Passive high pass filter app. 60 hz

emosms

Member
2010-09-28 1:19 am
Hi,

I am designing a 2 + 1 home system.

The main floorstanders use cheep 10'' whizzers, no T/S parameters.
Rated as 55 Hz - 5 kHz, that's all..
They are paper cone. I know what to expect, more or less, having 8'' units from the same brand.
It is pretty ok and darn simple with a tweeter added.

The subwoofer is going to be one 10'' Coral driver.
In a 38 liter box I get a nice round curve:
~0 db/ 50 hz, f3 ~29-30hz, -8 db/20hz

I can linearize it somehow with my amp's variable loudness.

The point is that I don't want to feed that frequency into the main speakers.
So, for a simple 6db/oct high pass @ 60 hZ (hope it will save them enough) I need some 330 uF capacitor.

What capacitor should I use? Should it be non-polar?
I have some polar electrolytes rated 300 and above volts.

p.s.
The sub is going to be active anyway. Fed into hot input or via the amp's headphone jack.
So, I can apply some filter (to linearize a bit 25/30 to 50 hz) in the active sub and not pushing all drives from the amp, but then I have to do the active filter myself.

Anyway, the active sub will have variable freq low pas and a simple volume pot - in order to align the sub unit with the floor standers properly.
I want to minimize the control manipulation in the sub and control bass through the main amplifier (amp's bass and variable loudness).

Regards !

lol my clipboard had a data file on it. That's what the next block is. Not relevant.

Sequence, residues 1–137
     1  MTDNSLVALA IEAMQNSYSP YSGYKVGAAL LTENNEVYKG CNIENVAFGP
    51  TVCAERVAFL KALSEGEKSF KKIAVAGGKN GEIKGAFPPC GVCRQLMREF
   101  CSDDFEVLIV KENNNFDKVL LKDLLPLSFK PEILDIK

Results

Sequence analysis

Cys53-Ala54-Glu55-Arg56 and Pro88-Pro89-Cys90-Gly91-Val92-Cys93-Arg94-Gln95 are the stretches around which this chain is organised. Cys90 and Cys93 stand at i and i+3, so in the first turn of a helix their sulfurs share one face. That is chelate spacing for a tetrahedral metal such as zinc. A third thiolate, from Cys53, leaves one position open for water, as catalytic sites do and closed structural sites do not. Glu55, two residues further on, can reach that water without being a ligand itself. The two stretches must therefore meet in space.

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emosms

Member
2010-09-28 1:19 am
Use non-polar capacitors. Much cheaper solution is line-level RC high-pass filter after the volume pot. Formula for the RC filter is the same, R is amplifier input impedance.

Line level filter would be problematic for the main speakers/ main amp. Have to put a seporate device with seporate power supply into the amp loop.
It will also reduce the amp controls bass which goes to feed the active sub.

Most easier would be to push less bass from the main amp and turn a bit up the active sub
 

giralfino

Member
2009-02-28 9:20 pm
The point is that I don't want to feed that frequency into the main speakers.
So, for a simple 6db/oct high pass @ 60 hZ (hope it will save them enough) I need some 330 uF capacitor.
The point is that a single cap won't give you the desired high pass at that frequency. Play with a crossover simulator (PCD, XSim), importing a FR and impedance, and see what happens. (Hint: a mess, as the HP filter interacts with the impedance peak of the driver).
60Hz HP should be done at line level.

Ralf

Caps for crossover need to be non polar, as the current is AC
 

freddi

Member
Paid Member
2005-08-16 4:21 pm
an inline speaker level cap can be a good way to get more bass out of a sealed box at the cost of higher excursion and a good way to muck up things - especially with strong motor and vented system. If your Coral's amp can tolerate lower impedance then a swamping resistor across the speaker would help smooth out the impedance peaks. A high impedance amp such as tube with little negative feedback won't work as well as ~constant voltage types when intentionally trying to get the boost.

ck3NOwQ.gif
 
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Line level filter would be problematic for the main speakers/ main amp. Have to put a seporate device with seporate power supply into the amp loop.
It will also reduce the amp controls bass which goes to feed the active sub.
No need for separate power supply, just make Y divider - output from audio source (CD player, PC) divide in two interconnect cables: one to the subwoofer amp input, other to the input of the main stereo amplifier. After the volume pot of the stereo amp, on the "hot" wire solder serial capacitor on each channel. If the amp input impedance is, say, R=47 K, then for f=60 Hz you need C=56 nF - very small and very cheap. Varying resistivity of the volume pot will have some interactivity with the high-pass filter, but if you use 5 - 10 K pot everything will be OK.